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I705 variant in the low density lipoprotein receptor gene has no effect on plasma cholesterol levels
  1. *Centre for Cardiovascular Genetics, The Rayne Institute, University College Hospital Medical School, University College London, 5 University Street, London WC1E 6JJ, UK
  2. †Unit of Clinical Molecular Genetics, Camelia Botnar Laboratories, Great Ormond Street Hospital for Children NHS Trust, Great Ormond Street, London WC1N 3JH, UK
  3. ‡Medical Research Council Epidemiology and Medical Care Unit, Wolfson Institute of Preventative Medicine, Medical College of St Bartholomew's Hospital, Charterhouse Square, London EC1M 6BQ, UK
  1. Dr Heath, rmhaseh{at}

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Editor—Familial hypercholesterolaemia (FH) is an autosomal dominant inherited lipoprotein disorder characterised by raised plasma low density lipoprotein (LDL) levels, xanthomas, premature coronary heart disease, and a family history of one or more of these. Homozygous FH occurs in one in a million people and they are severely affected, while heterozygotes are moderately affected and occur at a frequency of 1 in 500 in genetically heterogeneous populations. FH is caused by a mutation in the LDL receptor gene (LDLR) and over 700 have been reported1 ( Among these, a missense mutation, T705I in exon 15 (FH Paris-9), was originally reported in a compound heterozygote (“homozygous” FH subject) of French-American origin,2 but has now been observed in several heterozygotes who also carry another mutation in the coding region of the LDL receptor protein.3 4 The presence of the I705 variant has also been reported in two normocholesterolaemic subjects in the heterozygous and homozygous form, which led to the suggestion that the T705I change is a non-FH causing variation.5 The most recent report of this variation was in a Spanish family where the hypercholesterolaemia segregated with the I705 substitution and no other mutation was identified.6Possible explanations for these contradictory findings have been that the exon 15 variant is only pathogenic when another environmental or genetic factor is present, or that in some subjects the I705 variant is in linkage disequilibrium with a second, as yet unidentified causative mutation.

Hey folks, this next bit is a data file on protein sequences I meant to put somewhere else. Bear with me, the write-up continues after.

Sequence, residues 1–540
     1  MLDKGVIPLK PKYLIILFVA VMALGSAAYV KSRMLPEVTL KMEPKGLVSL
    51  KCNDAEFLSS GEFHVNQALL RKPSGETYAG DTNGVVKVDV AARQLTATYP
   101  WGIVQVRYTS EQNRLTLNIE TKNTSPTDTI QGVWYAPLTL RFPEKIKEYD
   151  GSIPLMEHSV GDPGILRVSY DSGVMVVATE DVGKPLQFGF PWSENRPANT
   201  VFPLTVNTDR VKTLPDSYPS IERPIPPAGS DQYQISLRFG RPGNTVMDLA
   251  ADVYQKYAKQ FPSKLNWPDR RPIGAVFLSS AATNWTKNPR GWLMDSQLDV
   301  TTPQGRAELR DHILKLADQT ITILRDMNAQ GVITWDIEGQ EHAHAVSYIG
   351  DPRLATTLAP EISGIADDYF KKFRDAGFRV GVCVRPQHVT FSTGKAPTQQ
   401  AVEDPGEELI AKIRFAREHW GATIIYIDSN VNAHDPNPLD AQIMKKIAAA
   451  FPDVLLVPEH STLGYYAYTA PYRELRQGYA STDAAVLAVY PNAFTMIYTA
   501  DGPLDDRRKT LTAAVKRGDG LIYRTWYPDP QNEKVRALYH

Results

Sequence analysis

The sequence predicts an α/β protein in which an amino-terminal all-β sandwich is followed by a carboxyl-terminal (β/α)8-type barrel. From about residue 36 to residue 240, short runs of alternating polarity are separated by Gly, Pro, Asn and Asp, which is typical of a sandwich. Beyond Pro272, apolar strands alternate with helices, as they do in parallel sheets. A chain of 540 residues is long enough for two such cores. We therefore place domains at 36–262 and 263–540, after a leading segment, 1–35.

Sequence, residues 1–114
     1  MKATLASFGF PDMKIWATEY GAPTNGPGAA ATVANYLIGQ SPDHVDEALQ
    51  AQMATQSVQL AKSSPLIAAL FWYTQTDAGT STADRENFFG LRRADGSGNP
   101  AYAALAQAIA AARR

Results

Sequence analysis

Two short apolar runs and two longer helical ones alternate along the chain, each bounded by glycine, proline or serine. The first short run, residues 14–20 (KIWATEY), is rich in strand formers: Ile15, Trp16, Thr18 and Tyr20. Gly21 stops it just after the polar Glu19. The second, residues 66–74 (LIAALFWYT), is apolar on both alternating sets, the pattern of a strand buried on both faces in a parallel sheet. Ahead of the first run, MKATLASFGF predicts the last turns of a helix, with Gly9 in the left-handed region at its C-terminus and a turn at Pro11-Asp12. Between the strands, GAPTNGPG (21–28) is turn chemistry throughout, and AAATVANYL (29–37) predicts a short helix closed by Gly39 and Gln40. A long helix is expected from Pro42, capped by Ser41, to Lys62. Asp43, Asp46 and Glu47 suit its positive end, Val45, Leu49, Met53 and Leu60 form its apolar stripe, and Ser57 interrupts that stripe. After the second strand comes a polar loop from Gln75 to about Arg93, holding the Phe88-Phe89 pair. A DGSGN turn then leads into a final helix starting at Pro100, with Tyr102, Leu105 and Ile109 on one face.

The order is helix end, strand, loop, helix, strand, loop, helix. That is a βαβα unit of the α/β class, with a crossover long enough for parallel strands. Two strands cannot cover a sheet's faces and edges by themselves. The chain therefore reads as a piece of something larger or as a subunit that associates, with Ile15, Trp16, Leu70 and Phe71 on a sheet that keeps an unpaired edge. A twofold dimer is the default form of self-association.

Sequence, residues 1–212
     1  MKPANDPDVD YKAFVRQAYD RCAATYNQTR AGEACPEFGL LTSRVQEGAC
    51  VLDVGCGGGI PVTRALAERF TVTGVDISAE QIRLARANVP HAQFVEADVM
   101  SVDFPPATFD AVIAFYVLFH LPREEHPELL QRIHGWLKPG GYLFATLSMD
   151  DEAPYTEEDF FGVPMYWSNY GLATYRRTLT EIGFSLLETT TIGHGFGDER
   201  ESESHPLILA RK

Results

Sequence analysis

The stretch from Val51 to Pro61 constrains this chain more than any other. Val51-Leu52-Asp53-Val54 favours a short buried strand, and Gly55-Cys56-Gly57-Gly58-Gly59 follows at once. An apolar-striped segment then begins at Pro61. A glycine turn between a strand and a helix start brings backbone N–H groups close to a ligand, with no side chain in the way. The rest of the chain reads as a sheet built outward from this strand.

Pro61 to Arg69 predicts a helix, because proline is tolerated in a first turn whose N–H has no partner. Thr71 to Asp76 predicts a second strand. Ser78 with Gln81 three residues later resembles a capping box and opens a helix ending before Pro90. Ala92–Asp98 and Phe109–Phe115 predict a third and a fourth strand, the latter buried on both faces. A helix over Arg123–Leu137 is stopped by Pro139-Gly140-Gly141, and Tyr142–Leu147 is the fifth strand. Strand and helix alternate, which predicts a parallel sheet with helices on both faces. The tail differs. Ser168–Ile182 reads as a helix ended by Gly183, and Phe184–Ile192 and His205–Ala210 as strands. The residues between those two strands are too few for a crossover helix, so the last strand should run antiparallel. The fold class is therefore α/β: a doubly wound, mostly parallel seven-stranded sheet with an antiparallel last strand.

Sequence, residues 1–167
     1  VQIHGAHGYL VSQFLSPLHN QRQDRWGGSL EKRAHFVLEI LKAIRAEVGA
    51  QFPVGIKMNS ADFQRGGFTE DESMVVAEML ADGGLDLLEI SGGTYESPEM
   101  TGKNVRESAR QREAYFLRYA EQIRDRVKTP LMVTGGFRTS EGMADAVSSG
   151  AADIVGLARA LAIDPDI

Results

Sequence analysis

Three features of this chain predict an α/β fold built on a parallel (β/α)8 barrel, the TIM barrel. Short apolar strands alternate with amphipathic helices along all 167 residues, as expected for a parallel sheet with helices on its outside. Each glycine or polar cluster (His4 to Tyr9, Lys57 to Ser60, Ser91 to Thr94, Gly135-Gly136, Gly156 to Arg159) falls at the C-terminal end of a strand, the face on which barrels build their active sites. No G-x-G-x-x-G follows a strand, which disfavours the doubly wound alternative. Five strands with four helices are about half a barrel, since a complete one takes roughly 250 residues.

We have set up a clinical genetic diagnostic service for FH7 8 and the I705 variant was identified in a subject with a clinical diagnosis of possible FH who was referred for FH genetic testing (data not shown). To investigate the pathogenicity of the amino acid substitution at codon 705, we have determined the frequency of …

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